Written by: Bonnie Feldman, DDS, MBA, Hailey Motooka, BS, Sarah Hinton
Like the shoemaker with badly repaired shoes, I am a dentist with advanced periodontal disease. For many years I have struggled with rapidly advanced gum disease despite my consistent brushing, flossing, and rinsing routine. I have tried all sorts of toothbrushes, a myriad of toothpastes and many rinses, all to no avail. I have consulted “dental” experts, “oral pathology” experts and “periodontal disease” experts— nothing helped. It wasn’t until my research on the oral microbiome that I began to consider the microbes that inhabit my oral cavity as factors that play a part in my poor oral health.
A new understanding of the oral microbiome is shaping how we think about caries, periodontal and oral diseases, as well as diseases far removed from the mouth, such as heart and lung disease, cancer, and some autoimmune diseases. While the traditional view held that oral diseases were caused by a small number of specific pathogens, we now think of the oral microbiome as an ecosystem of finely tuned bacterial, fungal, and viral communities that all contribute to oral microbiome equilibrium.
Advances in ‘omics studies (metabolomics, transcriptomics, genomics, etc.) have provided researchers and scientists with the technologies to better characterize microbiome profiles. Having previously done this type of gut microbiome profiling for my “leaky” gut, I was curious if there were any companies out there that could do the same for my oral microbiome or “leaky” mouth.
An Introduction to CosmosID
I had previously tried an oral DNA sampling test; however, the PCR technology used by that company is now outdated in comparison with newer technologies such as the Next Generation Sequencing (NGS) that is offered by CosmosID. I decided to try CosmosID after it was recommended to me by a good friend and respected periodontist, Dr. Alvin Danenberg.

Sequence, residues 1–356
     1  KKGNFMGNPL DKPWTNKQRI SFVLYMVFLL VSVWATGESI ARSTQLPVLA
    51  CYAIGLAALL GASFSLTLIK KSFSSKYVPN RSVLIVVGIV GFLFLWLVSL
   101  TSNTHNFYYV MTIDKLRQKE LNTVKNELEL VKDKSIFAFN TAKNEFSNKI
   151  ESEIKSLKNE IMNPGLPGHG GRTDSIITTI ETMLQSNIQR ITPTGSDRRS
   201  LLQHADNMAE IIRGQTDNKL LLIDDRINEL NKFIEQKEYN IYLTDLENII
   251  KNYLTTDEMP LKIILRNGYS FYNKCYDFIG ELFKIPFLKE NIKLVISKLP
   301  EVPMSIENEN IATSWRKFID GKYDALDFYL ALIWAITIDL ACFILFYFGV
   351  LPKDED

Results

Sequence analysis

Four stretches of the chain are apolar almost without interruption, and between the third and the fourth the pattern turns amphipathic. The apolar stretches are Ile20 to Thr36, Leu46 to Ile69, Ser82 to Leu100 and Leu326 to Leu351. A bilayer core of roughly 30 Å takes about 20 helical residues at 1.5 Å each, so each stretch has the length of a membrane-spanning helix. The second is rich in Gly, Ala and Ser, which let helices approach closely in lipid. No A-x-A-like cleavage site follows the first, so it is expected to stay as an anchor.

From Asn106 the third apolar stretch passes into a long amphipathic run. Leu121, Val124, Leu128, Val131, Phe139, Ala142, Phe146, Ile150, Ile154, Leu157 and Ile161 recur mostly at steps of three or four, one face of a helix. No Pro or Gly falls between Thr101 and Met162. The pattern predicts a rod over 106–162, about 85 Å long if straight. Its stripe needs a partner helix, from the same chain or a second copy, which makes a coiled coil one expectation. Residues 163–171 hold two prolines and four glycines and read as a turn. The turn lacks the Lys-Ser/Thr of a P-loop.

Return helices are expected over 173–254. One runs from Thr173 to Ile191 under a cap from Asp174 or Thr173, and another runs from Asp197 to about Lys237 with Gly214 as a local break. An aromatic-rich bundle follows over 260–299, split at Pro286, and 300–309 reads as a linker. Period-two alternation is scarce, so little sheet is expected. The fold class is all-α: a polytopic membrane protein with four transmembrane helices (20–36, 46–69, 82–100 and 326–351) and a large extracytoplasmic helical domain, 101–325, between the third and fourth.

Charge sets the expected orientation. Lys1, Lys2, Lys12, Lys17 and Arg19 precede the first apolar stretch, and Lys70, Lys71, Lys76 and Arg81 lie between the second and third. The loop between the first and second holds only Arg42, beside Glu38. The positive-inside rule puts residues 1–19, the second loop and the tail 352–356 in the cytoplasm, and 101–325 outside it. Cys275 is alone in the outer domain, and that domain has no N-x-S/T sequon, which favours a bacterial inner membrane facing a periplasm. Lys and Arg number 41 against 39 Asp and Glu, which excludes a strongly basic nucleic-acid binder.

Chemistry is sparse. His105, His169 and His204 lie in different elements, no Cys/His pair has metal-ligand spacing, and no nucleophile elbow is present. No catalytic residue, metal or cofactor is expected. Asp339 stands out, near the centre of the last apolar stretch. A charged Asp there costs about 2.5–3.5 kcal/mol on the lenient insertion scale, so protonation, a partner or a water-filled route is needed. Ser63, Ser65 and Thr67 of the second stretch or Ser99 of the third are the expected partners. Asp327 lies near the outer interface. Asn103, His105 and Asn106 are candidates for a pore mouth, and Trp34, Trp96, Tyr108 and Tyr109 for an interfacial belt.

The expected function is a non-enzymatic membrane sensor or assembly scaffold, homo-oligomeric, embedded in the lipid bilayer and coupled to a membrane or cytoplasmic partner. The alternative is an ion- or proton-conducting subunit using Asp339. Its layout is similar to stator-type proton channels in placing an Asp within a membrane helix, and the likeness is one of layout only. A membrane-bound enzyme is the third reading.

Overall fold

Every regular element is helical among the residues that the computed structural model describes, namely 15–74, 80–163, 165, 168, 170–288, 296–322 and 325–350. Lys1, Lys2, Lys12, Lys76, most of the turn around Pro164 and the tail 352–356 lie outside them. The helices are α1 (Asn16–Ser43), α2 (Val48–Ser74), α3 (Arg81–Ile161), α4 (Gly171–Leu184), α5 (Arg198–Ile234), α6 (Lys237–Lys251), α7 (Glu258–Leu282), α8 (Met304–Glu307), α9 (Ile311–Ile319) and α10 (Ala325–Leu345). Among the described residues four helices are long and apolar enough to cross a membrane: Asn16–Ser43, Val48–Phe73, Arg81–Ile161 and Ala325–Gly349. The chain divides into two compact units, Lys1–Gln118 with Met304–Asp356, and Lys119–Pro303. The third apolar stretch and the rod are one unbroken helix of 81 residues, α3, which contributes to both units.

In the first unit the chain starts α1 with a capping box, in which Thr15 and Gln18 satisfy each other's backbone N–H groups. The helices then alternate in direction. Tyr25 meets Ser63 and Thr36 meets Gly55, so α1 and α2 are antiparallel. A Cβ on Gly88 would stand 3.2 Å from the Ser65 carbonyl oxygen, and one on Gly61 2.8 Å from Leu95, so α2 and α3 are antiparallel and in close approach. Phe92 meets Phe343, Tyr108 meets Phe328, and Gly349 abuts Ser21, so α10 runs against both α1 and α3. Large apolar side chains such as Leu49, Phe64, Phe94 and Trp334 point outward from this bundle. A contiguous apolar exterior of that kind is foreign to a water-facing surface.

The instructions were straightforward and only required me to swab the inside of my cheek and mix the swab into the blue vial containing a clear liquid. The whole process altogether took ~3 minutes. In comparison to gut microbiome testing, which requires a fecal sample for testing (yuck), the oral microbiome test was quick and painless. The only reservations I had was my skepticism that a simple cheek swab would be able to provide any insightful information about my oral microbiome. Regardless, I sent the vials back to the lab and waited patiently to receive my results.
Getting to know my oral microbiome
To my pleasant surprise, the results from the CosmosID test were much more comprehensive than my previous testing with PCR technology. The test was able to identify 261 strains of bacteria, 6 species of fungi, and 23 viruses within my oral microbiome. I was impressed to see that the test had also taken into account the often disregarded, yet extremely abundant, fungal and viral components in my oral cavity.
In the ‘Bacteria’ drop down menu, you can decide if you wish to view information on fungi, viruses, protists, and even bacteria with antibacterial resistance. The curation of Cosmos ID databases are organized phylogenetically and contain hundreds of millions of marker gene sequences.